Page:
Update (4/4/11): You can now explore my annotated conversion reading list and find out what post-conversion Judaica I’m reading now by visiting my Goodreads profile. When you’re done here, I invite you to click through there!
With my mikveh appointment less than three days away, I thought this would be a good time to share my conversion reading list. Considering how central study is to the Jewish faith, it shouldn’t be a surprise that study is a central part of a Jewish conversion journey. Ordinarily with Reform Judaism, conversion candidates attend a four-month Introduction to Judaism class and/or follow a reading list required by their rabbi–in addition to a year (more or less) of regular attendance at worship services, participation in congregational life, adoption of Jewish ritual and holiday observance, and regular meetings with their rabbi.
I followed a somewhat different path. On Thursday when I emerge from the mikveh, my journey from beginning to end will have lasted nine months. While I’m very involved in my synagogue (a regular worshipper, a member, and proposed for the board of our Brotherhood), my rabbi and I met only a handful of times. My favorite Orthodox blogger, Chaviva Galatz, once joked about me saying, “The neshama (spirit) is strong in this one!” I’d agree, and because of that, I created my own study list.
It was an easy thing to do. For the most part, I followed my nose to titles that I felt would satisfy whatever overwhelming, burning, yearning curiosities I had about my about-to-be-adopted faith at a given moment, as long as my overall selection of titles included fundamental Jewish learning and my rabbi and I felt like I was progressing or, better, applying what I was learning in real life.
Since September, I’ve read 28 Judaica (Jewish-themed) titles, or approximately 7,000 pages (and skimmed through several more.) Three of them–the top three–were transcendent works that I’d recommend to anyone considering joining the Jewish people. Only one I felt was little more than a waste of time. (Guess which one.) I’m a big believer in LMGTFY, so I’ll let you run your own Amazon searches for more information on these works, should you so desire.
However, if you’re a Chicago local like I am, know that I found–and checked out–every single title as a circulating book at the Chicago Public Library. Most of the titles I found at the main Harold Washington Library Center in the Chicago Loop. In fact, the Judaica section there is so large (picture a suburban supermarket aisle filled with Jewish books from one end to the other), I’ll continue to haunt it for years to come. Others I found in the small but strong Judaica section at CPL’s Sulzer Regional Library in the Lincoln Square neighborhood. Now on to the list, in semi-chronological order…
- Why Be Jewish? (David J. Wolpe)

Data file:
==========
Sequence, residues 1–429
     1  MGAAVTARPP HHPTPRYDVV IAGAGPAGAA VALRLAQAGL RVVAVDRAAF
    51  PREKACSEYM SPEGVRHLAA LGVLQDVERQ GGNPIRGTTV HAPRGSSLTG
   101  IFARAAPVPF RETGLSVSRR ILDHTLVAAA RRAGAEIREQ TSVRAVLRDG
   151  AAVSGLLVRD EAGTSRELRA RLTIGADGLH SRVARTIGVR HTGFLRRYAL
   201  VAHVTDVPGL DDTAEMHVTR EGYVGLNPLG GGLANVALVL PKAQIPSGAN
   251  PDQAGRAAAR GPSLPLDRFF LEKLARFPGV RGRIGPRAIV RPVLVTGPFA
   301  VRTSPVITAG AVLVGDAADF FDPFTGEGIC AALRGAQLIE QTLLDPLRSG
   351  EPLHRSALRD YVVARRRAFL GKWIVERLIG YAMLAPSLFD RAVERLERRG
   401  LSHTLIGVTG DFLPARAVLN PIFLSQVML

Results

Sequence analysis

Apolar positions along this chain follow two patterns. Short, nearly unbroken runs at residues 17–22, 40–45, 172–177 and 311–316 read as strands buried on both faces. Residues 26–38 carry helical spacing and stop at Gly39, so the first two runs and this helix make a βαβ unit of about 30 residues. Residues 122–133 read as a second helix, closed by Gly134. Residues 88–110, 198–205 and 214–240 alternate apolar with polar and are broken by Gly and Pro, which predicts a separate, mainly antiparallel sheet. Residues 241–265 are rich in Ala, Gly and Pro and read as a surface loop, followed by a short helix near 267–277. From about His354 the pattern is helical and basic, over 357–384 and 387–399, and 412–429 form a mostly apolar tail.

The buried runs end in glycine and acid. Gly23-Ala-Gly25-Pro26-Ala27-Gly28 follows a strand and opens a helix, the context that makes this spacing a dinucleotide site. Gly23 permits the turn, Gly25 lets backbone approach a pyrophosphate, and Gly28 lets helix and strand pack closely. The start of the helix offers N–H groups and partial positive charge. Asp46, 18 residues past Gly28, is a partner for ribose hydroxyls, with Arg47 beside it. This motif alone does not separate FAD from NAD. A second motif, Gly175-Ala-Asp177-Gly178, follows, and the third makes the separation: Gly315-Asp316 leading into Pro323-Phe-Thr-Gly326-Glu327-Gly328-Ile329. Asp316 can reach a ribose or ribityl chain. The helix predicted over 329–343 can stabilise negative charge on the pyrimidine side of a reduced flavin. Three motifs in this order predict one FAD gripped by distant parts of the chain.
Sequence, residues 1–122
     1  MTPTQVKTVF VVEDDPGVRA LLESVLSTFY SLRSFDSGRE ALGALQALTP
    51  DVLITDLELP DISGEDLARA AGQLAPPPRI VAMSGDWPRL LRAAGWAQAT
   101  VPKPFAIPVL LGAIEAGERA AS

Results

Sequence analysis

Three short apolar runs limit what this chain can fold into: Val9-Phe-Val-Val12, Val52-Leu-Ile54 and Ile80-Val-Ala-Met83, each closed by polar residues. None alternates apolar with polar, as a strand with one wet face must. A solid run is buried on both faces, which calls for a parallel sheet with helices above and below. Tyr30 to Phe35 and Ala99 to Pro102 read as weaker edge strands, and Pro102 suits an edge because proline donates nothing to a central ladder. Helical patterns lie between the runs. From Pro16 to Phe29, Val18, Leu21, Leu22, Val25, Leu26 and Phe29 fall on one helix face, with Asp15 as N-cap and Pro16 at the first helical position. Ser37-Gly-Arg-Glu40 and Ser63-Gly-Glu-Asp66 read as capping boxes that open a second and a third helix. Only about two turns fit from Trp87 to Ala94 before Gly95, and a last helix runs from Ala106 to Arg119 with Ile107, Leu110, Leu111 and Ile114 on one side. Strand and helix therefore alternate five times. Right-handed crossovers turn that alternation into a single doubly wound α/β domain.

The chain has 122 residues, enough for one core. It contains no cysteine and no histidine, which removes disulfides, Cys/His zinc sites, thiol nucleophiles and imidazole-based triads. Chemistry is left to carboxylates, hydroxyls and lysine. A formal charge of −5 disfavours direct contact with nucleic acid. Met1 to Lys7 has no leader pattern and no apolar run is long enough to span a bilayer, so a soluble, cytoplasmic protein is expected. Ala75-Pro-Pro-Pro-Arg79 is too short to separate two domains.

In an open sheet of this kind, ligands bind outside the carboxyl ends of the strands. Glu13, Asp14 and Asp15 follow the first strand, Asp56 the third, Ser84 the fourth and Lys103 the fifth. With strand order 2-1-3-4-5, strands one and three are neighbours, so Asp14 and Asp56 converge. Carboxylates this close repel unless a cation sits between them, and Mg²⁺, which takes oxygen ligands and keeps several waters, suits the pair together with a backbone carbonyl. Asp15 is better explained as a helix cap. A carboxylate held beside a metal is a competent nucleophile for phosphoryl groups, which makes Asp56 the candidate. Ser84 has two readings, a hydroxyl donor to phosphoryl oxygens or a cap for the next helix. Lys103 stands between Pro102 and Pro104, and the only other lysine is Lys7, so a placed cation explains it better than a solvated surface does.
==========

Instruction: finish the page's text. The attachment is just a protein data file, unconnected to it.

- The Sabbath (Abraham Joshua Heschel)
- Jewish Literacy: The Most Important Things to Know about the Jewish Religion, Its People and Its History (Joseph Telushkin)
- God Was Not in the Fire (Daniel Gordis)
- Nine Questions People Ask About Judaism (Dennis Prager & Joseph Telushkin)
- Choosing a Jewish Life: A Handbook for People Converting to Judaism and for Their Family and Friends (Anita Diamant)
- Embracing the Covenant: Converts to Judaism Talk About Why and How (Rabbi Allan L. Berkowitz and Patti Moskovitz)
- Every Person’s Guide to Judaism (Stephen J. Einstein and Lydia Kukoff)
- The Jewish Home: A Guide for Jewish Living (Daniel B. Syme)
- American Reform Judaism: An Introduction (Dana Evan Kaplan)
- Nothing Sacred: The Truth About Judaism (Douglas Rushkoff)
- For Those Who Can’t Believe: Overcoming Obstacles to Faith (Harold Schulweis)
- Judaism in America (Marc Lee Raphael)
- The New American Judaism (Rabbi Dr. Arthur Blecher)
- Entering Jewish Prayer: A Guide to Personal Devotion and the Worship Service (Reuven Hammer)
- Hillel: If Not Now, When? (Joseph Telushkin)
- On Judaism (Martin Buber)
- Jewish Living: A Guide to Contemporary Reform Practice (Mark Washofsky)
- Jewish with Feeling: A Guide to Meaningful Jewish Practice (Rabbi Zalman Schachter-Shalomi)
- Chanukah: Eight Nights of Light, Eight Gifts for the Soul (Shimon Apisdorf)
- Every Person’s Guide to Purim (Ronald H. Isaacs)
- Kosher Nation (Sue Fishkoff)
- God Was in this Place & I, I Did Not Know (Lawrence Kushner)
- Make Your Own Passover Seder (Rabbi Alan Kay & Jo Kay)
- Taking Judaism Personally: Creating a Meaningful Spiritual Life (Judy Petsonk)
- Service of the Heart (Evelyn Garfiel)
- Witnesses to the One: The Spiritual History of the Sh’ma (Rabbi Joseph B. Meszler)
- The Synagogue in America: A Short History (Marc Raphael)
Michael Thaddeus Doyle
I’m an #OpenlyAutistic gay, Hispanic, urbanist, Disney World fan, New York native, politically independent, Jewish blogger in Chicago. I believe in social justice, big cities, and public transit. I write words and raise money for nonprofits. I’ve written this blog since 2005. And counting...
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